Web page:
Refresh: Begin with prayer. Ask for the Holy Spirit to open your heart to new understanding and for God’s character to be revealed.
Read: Ephesians 4:1-16 in the English Standard Version (ESV). Note 1–3 insights or questions.
Reflect: If you weren’t living under a rock in 2001, you would have seen, or at least heard about, the movie The Princess Diaries. The movie follows a young high school girl, Mia, being raised by her mother in San Francisco. Mia is living out her typical awkward teenage years when she is rudely interrupted by a surprise. Turns out she’s a princess of a country she’s never even heard of. I’ll spare you the teenage rom-com details and get to the point . . .
Her grandmother comes to town and begins to teach her how to behave as a royal. The way she dresses, speaks, and carries herself must drastically change for her to be taken seriously as a member of this illustrious family. She is taught to walk properly and not shuffle her feet, and reminded to sit up straight and not slouch.
If I were Paul, I would be advising this young girl to “walk in the manner worthy of the calling to which she has been called.” Much like Princess Mia, we have been awakened from our everyday lives and told we are royalty—sons and daughters of the Creator of the universe.
Anyone with a phone, TV, or pair of eyes has become aware of Prince Harry’s marriage to American actress Meghan Markle. All eyes have been on the couple, dissecting everything about their relationship from the amount of public affection they show to their clothing to where they will be spending Christmas. Almost daily analysis of their body language plagues our tabloids and cell phone screens. Unless you had watched the TV series Suits you probably would have had no idea who this Meghan girl even was until she married into the royal family. When she married Prince Harry, her life calling changed. The way she behaves in public matters. The words she speaks matter. The length of her hemline matters. She is no longer just holding up her own name and reputation, but that of the entire royal family.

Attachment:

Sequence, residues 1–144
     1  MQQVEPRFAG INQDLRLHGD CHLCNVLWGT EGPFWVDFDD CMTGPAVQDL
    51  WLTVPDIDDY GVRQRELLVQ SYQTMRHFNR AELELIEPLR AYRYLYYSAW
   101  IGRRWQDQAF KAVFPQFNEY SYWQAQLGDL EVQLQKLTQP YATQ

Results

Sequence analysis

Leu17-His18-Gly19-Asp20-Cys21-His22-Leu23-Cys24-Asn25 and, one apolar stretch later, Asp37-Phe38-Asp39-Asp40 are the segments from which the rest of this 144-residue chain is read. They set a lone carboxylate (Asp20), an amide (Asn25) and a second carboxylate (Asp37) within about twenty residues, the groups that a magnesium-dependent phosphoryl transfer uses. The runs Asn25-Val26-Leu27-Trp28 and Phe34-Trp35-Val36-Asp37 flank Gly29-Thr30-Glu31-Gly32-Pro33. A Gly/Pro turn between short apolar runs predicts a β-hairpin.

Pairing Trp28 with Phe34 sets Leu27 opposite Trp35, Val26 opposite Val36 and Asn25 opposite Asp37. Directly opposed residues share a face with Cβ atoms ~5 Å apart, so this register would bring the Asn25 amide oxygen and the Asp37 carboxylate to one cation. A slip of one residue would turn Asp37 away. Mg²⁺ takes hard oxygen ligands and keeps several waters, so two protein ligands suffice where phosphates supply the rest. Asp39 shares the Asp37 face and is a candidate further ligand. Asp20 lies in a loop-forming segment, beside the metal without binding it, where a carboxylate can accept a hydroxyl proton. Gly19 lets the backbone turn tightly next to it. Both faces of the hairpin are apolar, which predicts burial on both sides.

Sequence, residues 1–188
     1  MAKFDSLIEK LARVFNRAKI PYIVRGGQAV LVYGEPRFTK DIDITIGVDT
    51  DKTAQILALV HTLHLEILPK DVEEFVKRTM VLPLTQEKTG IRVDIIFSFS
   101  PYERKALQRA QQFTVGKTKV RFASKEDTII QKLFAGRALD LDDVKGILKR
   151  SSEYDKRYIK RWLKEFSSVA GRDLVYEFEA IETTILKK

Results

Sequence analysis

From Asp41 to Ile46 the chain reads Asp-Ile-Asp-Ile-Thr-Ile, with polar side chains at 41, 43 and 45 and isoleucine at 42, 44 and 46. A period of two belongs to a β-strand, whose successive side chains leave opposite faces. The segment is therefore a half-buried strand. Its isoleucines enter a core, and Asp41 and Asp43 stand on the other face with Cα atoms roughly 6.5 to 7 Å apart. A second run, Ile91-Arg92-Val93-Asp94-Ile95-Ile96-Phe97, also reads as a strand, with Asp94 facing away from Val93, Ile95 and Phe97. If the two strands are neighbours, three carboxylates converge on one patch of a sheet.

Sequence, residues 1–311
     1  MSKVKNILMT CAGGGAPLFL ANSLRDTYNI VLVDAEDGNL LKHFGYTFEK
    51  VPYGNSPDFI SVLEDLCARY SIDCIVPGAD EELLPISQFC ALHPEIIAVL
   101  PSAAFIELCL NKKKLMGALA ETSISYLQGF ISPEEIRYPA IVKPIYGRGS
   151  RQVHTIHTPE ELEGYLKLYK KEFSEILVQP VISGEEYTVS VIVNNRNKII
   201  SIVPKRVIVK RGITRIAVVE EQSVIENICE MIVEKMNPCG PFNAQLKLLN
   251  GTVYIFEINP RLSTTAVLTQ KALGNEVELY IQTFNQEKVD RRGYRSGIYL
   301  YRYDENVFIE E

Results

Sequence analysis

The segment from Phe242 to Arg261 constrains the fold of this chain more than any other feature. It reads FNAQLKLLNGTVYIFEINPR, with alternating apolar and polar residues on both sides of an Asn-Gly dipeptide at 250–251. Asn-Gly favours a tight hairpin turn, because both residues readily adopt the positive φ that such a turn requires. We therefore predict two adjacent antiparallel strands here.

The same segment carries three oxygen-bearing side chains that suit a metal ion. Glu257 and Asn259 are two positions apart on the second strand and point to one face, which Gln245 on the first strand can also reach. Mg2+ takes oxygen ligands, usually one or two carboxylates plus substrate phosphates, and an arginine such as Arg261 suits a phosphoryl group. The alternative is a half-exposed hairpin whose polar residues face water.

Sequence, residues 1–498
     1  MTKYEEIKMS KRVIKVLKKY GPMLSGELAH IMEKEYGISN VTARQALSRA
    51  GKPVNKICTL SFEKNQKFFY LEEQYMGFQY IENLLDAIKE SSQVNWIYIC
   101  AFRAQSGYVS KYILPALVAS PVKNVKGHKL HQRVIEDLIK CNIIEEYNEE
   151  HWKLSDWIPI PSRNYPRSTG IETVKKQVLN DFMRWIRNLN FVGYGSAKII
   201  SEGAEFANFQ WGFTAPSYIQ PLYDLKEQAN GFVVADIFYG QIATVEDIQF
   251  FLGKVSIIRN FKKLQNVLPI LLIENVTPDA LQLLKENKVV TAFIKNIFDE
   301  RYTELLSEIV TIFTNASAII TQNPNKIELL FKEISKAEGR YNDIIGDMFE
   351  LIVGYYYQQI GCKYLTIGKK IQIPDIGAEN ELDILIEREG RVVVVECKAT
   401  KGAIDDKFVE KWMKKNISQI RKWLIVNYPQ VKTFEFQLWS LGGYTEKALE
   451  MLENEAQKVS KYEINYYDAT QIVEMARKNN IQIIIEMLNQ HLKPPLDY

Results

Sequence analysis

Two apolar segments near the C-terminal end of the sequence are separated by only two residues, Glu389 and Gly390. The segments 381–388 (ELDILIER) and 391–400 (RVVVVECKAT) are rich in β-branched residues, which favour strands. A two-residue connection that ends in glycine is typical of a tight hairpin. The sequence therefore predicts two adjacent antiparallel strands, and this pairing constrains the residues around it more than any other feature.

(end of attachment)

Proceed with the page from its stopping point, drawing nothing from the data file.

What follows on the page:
We too uphold the name of the Royal Family. But in this section of Ephesians, we see that our calling is more than just proper waves and hemlines. It is about the character of our hearts overflowing into our everyday lives. We have been called to walk in love and unity.
Recalibrate: In what ways are “all eyes on you?” Maybe those watching you are your kids, your colleagues, your classmates . . .
Respond: Ask God for a tangible reminder of your “calling” today.
Research: Read “Do You Feel Like You’re Always Being Watched?”
Remember: “Love should always make us tell the truth. Then we will grow in every way and be more like Christ, the head” (Ephesians 4:15 , CEV).
Jessyka Dooley is associate pastor at Boulder Adventist Church, leading Live Wonder (ages 0-3), Live Adventure (ages 4-11), and Live Purpose (ages 12-17), along with their supporting ministries. She grew up in Washington State and has a degree in theology from Union College in Lincoln, Nebraska. Jessyka has served in various areas of ministry, but her passion for discipling kids has taken center stage in her career.
There is nothing better than being held in a big cuddle by the one who loves you the most. In this letter from Paul, he explains how he is a prisoner for the Lord. No matter how bad Paul’s circumstance were, his focus was on the fact that God held him close in His arms of love. Know that you are your little one’s best cuddle. No matter what is going on around you both, live in the same place Paul did, Safe in the arms of Jesus, confident that God has got you both.
Have you ever been sent on a time out? A time out is when you are separated from everyone else because of something (usually naughty) you have done. Our text for this week opens with Paul saying that he is a prisoner for the Lord. Paul has been put on a very serious time out because he will not stop talking about the love of Jesus. In his time out, Paul takes time to write a whole bunch of letters to different churches encouraging them to live love. Read Romans 4:1-16 and list the words Paul uses to describe how people who love Jesus should live.
There’s a song by All Sons and Daughters called “Higher” and it talks about how it is easy to hold on to who we are and never let God change us from the inside. The chorus goes like this, “You have called me higher, you have called me deeper, and I’ll go where you will lead me Lord.” I find that it is easy to hold on to who I am and not live the life God is calling me to live. It’s not always easy or comfortable. In Ephesians 4, Paul says that we need to be humble and patient with one another, “making allowance for each other’s faults.” Forgiving people, even when we seem to have every right to be justified in our hurt and pain, is hard. But that’s what Jesus calls us to do. We are told that our anger is justified, and it is even encouraged by society to seek revenge against those who wrong us. But Jesus has called us to a higher place. He has called us to a deeper place. And when we embrace Christ’s forgiveness, we can forgive in seemingly impossible situations. Is there a grudge you have been holding? Is there someone in your life whom you need to forgive? If so, spend some time seeking God and asking Him what you can do to make the relationship right.